Second-hand smoke in the environment
Second-hand smoke, which is considered to be highly toxic, is the result of cigarette smoke or smoke that is exhaled by smokers. Other sources include pipe, cigar or marijuana smoke.
The chemicals found in secondhand smoke are the same as those inhaled by the active smoker. However, because their combustion is incomplete, the concentration is 100 times higher. Second-hand smoke contains six times more nicotine, three times more tar and 73 times more ammonia than smoke inhaled by the smoker.
Among other things, second-hand smoke contains:
- carbon monoxide, an asphyxiating gas that reduces tissue oxygenation
- formaldehyde, a carcinogenic, irritant gas used as a disinfectant
- benzene, a highly toxic and irritant flammable liquid
- nicotine, a substance producing an addictive effect and also used in the manufacturing of insecticides
- ammonia, a compound used in the manufacturing of explosives, fertilizers and paint solvents
- arsenic, an agent producing a highly carcinogenic effect on the skin and lungs
- hydrocyanic acid, a violent poison that is extremely harmful to the lungs
Perform the white tissue test…
Ask a smoker to exhale a lungful of cigarette smoke through a tissue. You will observe a yellow/ brownish stain containing toxic, carcinogenic and irritant substances, resulting from the combustion of:
- the cigarette paper (chemical cellulose pulp)
- the glue
- the colouring agents
- the filter (cellulose acetate)
- the tobacco
Two-thirds of the smoke produced by tobacco spreads into the ambient air. Anyone within close range of an active smoker cannot help but breathe in this tobacco smoke, and therefore becomes a passive smoker.
According to one study conducted among passive smokers, a mere 30 minutes of exposure in a smoke-saturated room increases the level of carbon monoxide in their blood, not to mention their blood pressure and pulse.
The primary effects of second-hand smoke on the passive smoker’s heal…
Second-hand smoke can :
- irritate the eyes, nose and throat
- cause headaches, dizziness and nausea
- aggravate the symptoms and speed up the progression of lung disease
- reduce the level of protective cholesterol (good cholesterol) in the blood
- increase the risk of respiratory infections:
- bronchitis (acute bronchitis)
In nursing infants and children of parents who smoke, second-hand smoke produces the following effects :
- doubles the risk of crib death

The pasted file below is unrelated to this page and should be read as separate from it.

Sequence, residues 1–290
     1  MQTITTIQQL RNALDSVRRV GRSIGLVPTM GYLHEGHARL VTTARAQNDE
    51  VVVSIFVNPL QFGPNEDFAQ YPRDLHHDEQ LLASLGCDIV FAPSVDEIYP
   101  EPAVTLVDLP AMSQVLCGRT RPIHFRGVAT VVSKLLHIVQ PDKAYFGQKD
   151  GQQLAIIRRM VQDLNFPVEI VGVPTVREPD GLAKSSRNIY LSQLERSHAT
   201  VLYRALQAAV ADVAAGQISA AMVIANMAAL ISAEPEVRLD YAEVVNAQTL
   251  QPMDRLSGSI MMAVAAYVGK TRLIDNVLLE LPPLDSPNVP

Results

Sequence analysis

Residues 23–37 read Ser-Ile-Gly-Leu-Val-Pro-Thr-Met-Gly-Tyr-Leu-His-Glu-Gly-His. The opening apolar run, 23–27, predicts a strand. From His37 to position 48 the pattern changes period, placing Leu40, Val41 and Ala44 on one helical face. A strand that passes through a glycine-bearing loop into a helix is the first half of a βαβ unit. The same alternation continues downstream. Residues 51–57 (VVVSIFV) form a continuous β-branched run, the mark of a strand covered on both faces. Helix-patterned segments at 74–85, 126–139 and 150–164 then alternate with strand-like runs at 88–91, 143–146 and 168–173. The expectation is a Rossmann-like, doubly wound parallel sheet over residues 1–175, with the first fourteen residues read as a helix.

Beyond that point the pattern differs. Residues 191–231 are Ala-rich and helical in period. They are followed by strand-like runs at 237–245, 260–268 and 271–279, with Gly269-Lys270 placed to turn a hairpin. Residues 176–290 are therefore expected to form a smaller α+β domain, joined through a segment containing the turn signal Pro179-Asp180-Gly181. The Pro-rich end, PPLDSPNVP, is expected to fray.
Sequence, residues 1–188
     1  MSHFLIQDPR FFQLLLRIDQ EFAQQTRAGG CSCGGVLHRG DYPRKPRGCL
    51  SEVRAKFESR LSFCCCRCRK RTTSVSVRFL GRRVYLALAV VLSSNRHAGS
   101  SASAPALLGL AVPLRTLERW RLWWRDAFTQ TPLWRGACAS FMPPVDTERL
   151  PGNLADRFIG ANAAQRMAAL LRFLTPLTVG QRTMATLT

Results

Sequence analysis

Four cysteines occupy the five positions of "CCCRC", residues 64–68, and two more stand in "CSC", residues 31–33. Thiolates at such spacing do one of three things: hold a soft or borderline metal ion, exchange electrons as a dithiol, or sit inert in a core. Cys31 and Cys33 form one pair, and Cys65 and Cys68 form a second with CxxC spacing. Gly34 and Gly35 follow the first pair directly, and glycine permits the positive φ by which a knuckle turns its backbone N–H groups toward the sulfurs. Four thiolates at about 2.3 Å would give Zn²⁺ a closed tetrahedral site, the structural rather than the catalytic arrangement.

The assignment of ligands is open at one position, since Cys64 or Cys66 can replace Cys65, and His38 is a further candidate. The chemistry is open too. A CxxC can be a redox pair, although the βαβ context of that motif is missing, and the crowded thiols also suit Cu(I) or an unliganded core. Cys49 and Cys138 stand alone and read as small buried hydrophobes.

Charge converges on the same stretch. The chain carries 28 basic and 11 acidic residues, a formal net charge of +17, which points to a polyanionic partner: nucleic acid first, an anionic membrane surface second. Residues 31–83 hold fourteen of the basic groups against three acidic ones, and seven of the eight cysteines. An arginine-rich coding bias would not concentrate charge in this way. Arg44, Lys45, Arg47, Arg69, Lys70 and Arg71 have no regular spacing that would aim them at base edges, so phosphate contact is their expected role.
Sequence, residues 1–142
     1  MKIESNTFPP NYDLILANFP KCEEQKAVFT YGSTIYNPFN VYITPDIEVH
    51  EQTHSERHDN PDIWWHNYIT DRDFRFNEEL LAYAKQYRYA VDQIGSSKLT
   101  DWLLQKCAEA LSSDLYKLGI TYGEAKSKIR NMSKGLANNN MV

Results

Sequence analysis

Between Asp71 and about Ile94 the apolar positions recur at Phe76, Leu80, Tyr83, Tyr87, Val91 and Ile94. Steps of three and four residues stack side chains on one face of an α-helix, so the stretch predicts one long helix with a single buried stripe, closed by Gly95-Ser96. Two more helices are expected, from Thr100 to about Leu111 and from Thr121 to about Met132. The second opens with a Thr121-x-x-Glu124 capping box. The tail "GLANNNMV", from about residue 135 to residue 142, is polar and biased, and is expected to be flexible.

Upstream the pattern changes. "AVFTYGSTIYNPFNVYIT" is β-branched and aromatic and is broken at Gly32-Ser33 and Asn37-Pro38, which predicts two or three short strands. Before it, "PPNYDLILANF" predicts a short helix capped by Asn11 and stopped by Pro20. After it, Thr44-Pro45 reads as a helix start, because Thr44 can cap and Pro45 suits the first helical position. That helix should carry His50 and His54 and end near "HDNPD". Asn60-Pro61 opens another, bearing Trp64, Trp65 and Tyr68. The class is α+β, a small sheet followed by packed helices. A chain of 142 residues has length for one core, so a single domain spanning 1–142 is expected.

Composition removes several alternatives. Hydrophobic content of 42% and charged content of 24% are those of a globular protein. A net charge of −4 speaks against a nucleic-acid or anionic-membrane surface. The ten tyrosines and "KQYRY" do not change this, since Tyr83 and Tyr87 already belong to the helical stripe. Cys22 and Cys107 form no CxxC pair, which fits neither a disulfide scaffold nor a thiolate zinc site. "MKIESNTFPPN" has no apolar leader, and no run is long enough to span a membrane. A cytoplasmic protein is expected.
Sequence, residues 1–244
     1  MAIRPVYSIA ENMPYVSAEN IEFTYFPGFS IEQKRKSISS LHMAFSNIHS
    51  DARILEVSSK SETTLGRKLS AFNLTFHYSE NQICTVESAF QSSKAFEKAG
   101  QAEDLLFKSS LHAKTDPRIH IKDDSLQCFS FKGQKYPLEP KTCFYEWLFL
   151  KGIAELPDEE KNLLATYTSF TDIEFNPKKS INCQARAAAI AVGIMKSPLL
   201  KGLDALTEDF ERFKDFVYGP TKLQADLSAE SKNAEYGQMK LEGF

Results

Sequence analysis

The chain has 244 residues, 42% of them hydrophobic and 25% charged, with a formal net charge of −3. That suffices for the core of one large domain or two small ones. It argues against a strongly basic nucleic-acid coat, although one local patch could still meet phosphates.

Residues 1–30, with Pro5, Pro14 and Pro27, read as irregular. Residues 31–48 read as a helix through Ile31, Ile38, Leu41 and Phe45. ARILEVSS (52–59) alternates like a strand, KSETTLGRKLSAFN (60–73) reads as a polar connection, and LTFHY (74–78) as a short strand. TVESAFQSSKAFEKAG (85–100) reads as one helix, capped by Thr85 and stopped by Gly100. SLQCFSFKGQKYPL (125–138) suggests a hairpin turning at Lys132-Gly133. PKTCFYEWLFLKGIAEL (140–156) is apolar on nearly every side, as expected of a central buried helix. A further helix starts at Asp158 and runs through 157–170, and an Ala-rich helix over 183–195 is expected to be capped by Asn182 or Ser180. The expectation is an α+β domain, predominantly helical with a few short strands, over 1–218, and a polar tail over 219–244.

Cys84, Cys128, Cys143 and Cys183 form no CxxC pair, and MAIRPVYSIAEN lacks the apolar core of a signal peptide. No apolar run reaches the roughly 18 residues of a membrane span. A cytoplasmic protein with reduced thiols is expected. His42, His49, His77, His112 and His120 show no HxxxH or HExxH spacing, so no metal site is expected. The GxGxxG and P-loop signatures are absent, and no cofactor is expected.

- exacerbates inflammatory bowel disease
- increases the risk of otitis and respiratory tract disorders:
Did you know that…
- A pregnant woman exposed to second-hand smoke is more likely to give birth to a baby of lesser weight.
- The baby’s pulmonary function may even be reduced during early childhood.
- Close to one-third of children under the age of 17 in Quebec, are passive smokers.
- Children whose parents smoke, suffer more from second-hand smoke than from outdoor pollution.
Second-hand smoke also affects the health of household pets. Their fur coat traps the smoke particles which the animals then absorb when they groom themselves. Second- hand smoke may cause leukemia in cats, and increases the risk of cancer in dogs.
Second-hand smoke in the environment
Tobacco smoke is the main source of indoor pollution and the easiest to eliminate completely. Simply forbid anyone from smoking in the house. Opening a window, smoking in another room, using air purifiers or ventilation systems offers no protection against second-hand smoke. After the cigarette is extinguished, the second-hand smoke remains in the environment. It settles on food, clothing, skin, carpets, curtains, in the air, etc., and remains there for days, and even weeks.
Most ventilation systems are designed to limit the accumulation of carbon monoxide and reduce the odour of smoke, without eliminating it however. Simply opening the car window will not eliminate cigarette smoke and can even create a back draft that draws the smoke back in and directly onto the passengers.
La plupart des systèmes de ventilation sont conçus pour limiter l'accumulation de monoxyde de carbone et réduire l'odeur de la fumée, sans toutefois l'éliminer. Le fait d'ouvrir une fenêtre dans la voiture ne suffit pas à éliminer la fumée de cigarette et peut même entraîner un courant de retour d'air dans la voiture et faire ainsi revenir la fumée directement sur les passagers.
Other sources of environmental pollution caused by smoking include:
- Empty cigarette packs (2 billion / year)
- Cellophane wrap, packaging, boxes and shipping cartons
- Foil wrappers
- 50 billion cigarette butts (non-biodegradable filter)
A few solutions for eliminating second-hand smoke:
- no smoking inside
- creation of closed smoking rooms with independent ventilation
- smoking cessation programs for those who want to quit
- public education exposing the hazards of second-hand smoke.
In an effort to reduce smoking and eliminate second-hand smoke recognized as the leading causes of COPD (emphysema and chronic bronchitis), lung cancer and cardiovascular disorders, the Lung Association has created the Poumon-9 program.
This helpline is designed to help people quit smoking and support them throughout the cessation process. Staffed with health professionals, trained to offer smoking cessation assistance, provide information regarding the various methods and products available on the market…
The services available from the Lung Association are provided by respiratory health professionals. If you are faced with problems linked to chronic obstructive pulmonary disease (chronic bronchitis – emphysema), asthma or any other respiratory illness, or if you simply require information about the various smoking cessation assistance programs that are available, feel free to call using our toll-free helplines.